Fridays with Fred: Scientia vera cum fide pura
On July 24, 1850, Aaron Lucius Chapin stood on an outdoor platform, declaiming before a large and appreciative crowd. His inauguration as first president of Beloit College was almost over, but he wanted to tell everyone some news before ending his lengthy speech. Only the day before, the trustees had approved something so long-lasting it is as recognizable today as it was then. “On the seal just put into my hands,” he said, “I read this motto, “Scientia vera cum fide pura.”
Almost from its inception, those connected with the college desired a symbol for the instiution, as Professor Robert Irrmann explained in a Founders Day address in 1963:
It was a firm faith that underlay the inception and the creation of Beloit College; there was more faith than mortar, bricks and money in the early life of Beloit. And from this seldom flagging faith there came commitment, and even in the earliest days of this College, the Founders sought to signify that commitment by some outward and visible sign, through some symbol, that all who looked at Beloit might see, and seeing might seek to know, and in the fruits of the College might find some evidence of the fulfillment of the faith of creation and labor. The symbol early took the form of the college seal.
In 1848, the trustees had appointed fellow member Chapin “to consider and report on a seal to be used by the Board.” The Board temporarily used a simple round seal with the monogram “B.C.” Chapin reported his findings that fall, but the trustees took no immediate action and in 1849 asked the faculty to prepare “a device for a seal for the use of the Board.” The trustees met again on July 23, 1850, the day before Chapin’s inauguration. Their minutes record that “the Faculty as a committee on procuring a permanent seal for the College reported, presenting one which they have procured. The report was accepted and the seal adopted as the seal of the College.” For posterity, someone impressed “a true copy of that seal” upon one of the handwritten pages of the leather bound record book.
The seal consists of several parts. Irrmann explained the significance of the words within its outer circle: “Today we can rattle ‘Coll. Beloit in Rep. Wisconsin’ but find it rather meaningless prattle. To the founders, ‘Beloit College in the Commonwealth of Wisconsin’ signified a youthful institution in an even more youthful state.” At the time, the college had only held classes since 1847, a year before Wisconsin achieved statehood.
The seal’s inner circle holds the college motto, created by President Chapin himself, who interpreted it for the audience in his inaugural address. “I understand it to express a necessary and indissoluble union between the principles of true knowledge, and the spirit of Christian faith,” he said. “It declares it as the sentiment of this college, that, there can be no separation of this marriage tie, which God hath joined, without violence to nature and mischief to the world. It declares it as the purpose of this college to regard them ever as one, and to know no aim but that of extending and perpetuating their combined influence and power to the remotest ends of the earth – to the furthest reach of time.”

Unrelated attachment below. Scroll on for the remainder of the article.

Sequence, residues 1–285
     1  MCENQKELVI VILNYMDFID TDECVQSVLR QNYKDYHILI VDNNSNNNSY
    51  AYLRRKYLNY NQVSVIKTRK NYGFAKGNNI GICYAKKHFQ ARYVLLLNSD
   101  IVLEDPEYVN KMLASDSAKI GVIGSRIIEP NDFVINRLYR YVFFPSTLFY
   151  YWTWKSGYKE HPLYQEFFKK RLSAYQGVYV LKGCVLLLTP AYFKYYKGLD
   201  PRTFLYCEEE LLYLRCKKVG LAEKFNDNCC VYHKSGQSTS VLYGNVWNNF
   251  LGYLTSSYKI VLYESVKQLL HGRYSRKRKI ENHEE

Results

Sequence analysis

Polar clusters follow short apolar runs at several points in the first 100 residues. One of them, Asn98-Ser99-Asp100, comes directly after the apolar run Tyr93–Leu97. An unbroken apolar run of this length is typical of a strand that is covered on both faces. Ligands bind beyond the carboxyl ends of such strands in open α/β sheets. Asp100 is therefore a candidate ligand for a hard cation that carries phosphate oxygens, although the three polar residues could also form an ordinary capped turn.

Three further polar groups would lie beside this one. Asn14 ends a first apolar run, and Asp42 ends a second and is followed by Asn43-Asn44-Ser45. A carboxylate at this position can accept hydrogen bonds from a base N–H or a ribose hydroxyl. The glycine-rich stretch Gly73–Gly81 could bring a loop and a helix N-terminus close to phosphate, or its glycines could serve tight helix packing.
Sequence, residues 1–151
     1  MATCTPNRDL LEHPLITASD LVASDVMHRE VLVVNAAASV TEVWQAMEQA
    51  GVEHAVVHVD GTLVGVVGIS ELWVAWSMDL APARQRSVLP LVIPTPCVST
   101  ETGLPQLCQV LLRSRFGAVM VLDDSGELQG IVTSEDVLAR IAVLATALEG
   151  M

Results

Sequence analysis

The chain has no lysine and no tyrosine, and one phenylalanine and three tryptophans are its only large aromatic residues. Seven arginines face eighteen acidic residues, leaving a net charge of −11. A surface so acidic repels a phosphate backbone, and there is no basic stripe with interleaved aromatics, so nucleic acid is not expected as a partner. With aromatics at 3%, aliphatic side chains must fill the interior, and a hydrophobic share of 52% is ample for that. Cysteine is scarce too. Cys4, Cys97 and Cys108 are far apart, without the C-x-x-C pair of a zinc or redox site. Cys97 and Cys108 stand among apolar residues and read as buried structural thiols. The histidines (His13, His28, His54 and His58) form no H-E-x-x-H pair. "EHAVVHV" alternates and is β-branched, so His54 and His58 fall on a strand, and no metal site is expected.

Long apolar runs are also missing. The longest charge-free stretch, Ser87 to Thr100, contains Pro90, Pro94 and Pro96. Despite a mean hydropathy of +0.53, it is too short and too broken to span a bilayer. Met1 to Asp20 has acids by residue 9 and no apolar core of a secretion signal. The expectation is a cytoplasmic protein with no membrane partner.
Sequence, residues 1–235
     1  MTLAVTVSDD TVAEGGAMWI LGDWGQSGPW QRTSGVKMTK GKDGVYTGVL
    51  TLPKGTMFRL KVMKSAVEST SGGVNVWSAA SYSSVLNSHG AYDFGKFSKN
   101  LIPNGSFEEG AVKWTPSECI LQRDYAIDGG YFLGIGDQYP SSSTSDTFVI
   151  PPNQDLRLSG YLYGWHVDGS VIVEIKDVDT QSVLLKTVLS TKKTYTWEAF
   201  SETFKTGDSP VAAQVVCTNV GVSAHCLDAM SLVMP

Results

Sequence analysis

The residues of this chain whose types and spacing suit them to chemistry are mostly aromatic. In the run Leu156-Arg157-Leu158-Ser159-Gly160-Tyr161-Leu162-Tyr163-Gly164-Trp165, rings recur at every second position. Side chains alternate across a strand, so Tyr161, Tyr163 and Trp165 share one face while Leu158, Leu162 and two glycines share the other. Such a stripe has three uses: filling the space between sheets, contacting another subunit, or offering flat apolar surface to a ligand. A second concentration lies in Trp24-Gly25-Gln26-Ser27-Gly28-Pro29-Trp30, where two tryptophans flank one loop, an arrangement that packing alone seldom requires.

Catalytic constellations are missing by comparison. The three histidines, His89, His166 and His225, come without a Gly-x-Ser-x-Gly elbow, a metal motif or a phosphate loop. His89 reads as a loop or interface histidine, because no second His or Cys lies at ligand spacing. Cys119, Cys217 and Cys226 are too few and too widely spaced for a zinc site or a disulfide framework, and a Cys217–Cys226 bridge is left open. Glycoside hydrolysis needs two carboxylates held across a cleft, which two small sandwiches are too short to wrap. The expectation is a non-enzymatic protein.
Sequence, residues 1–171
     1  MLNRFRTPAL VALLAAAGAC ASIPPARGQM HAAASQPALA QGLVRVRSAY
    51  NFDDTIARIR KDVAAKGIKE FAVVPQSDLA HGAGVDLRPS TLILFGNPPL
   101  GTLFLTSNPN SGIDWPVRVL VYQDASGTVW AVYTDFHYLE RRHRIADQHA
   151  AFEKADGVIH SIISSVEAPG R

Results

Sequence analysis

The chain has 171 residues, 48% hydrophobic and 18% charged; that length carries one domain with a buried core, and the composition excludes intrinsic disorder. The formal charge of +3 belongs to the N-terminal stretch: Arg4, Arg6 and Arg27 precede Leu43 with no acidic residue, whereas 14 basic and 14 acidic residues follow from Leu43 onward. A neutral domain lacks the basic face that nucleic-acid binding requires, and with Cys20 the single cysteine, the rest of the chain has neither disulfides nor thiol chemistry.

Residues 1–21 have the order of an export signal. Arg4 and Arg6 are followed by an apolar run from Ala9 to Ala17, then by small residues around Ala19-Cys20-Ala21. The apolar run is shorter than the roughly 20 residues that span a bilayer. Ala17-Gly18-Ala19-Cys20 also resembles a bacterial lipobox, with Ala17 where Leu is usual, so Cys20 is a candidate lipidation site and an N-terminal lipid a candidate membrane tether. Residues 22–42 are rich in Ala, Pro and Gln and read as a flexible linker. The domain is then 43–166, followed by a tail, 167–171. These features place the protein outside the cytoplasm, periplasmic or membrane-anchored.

In his 1950 article on the seal for the Wisconsin Magazine of History, Professor Robert Kimball Richardson elaborated on the meaning of the motto:
Not only does this ‘true knowledge,’ this Scientia, embrace the entire range of the intellectual interests of the college, mathematical, experiential, religious, historical, speculative, aesthetic, and the rest, interrelated and viewed, as the elder Blaisdell worded it, as ‘a commonwealth’ of all the sciences…but it points back to the entire history of the connection of Christianity with education, and, immediately, to the relation of education to the Puritan churches which emerged from the Renaissance and Reformation.
Chapin described the imagery within the shield-shaped escutcheon at the center of the seal in religious terms:
Again, I see here a simple emblem. It is an open book with a dove descending in light upon it. I understand it to express the attitude which this college would take and hold, laying all its material of learning, and its corps of instructors, and its body of students - all spread out before Him who sitteth on the throne, while it waits and prays for the descent of that holy influence which alone is able to sanctify the whole for his service and glory.” Over one hundred years later, Robert Irrmann noted the book’s plainness. “[Its] pages are free of any letters or other symbols…The book is not the Bible; rather it probably represents all learning.
Irrmann acknowledged that for different generations the motto and seal need reinterpretation and he believed that the founders created them to be flexible. “We must always recall that we are the intellectual and spiritual descendants of Puritan founders of Beloit College,” he said, “descendants of men and women who believed in, and firmly relied upon, Christian faith and broad learning…We are of a later age. Even the symbols and the mottos occasionally need to be recast to lend new significance to succeeding generations that accept, but frequently fail to understand the import of that accepted.”